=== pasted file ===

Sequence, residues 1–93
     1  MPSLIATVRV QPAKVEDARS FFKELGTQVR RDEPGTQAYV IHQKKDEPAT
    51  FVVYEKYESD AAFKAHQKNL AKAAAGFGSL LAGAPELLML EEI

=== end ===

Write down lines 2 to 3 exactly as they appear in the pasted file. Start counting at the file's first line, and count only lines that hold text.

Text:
     1  MPSLIATVRV QPAKVEDARS FFKELGTQVR RDEPGTQAYV IHQKKDEPAT
    51  FVVYEKYESD AAFKAHQKNL AKAAAGFGSL LAGAPELLML EEI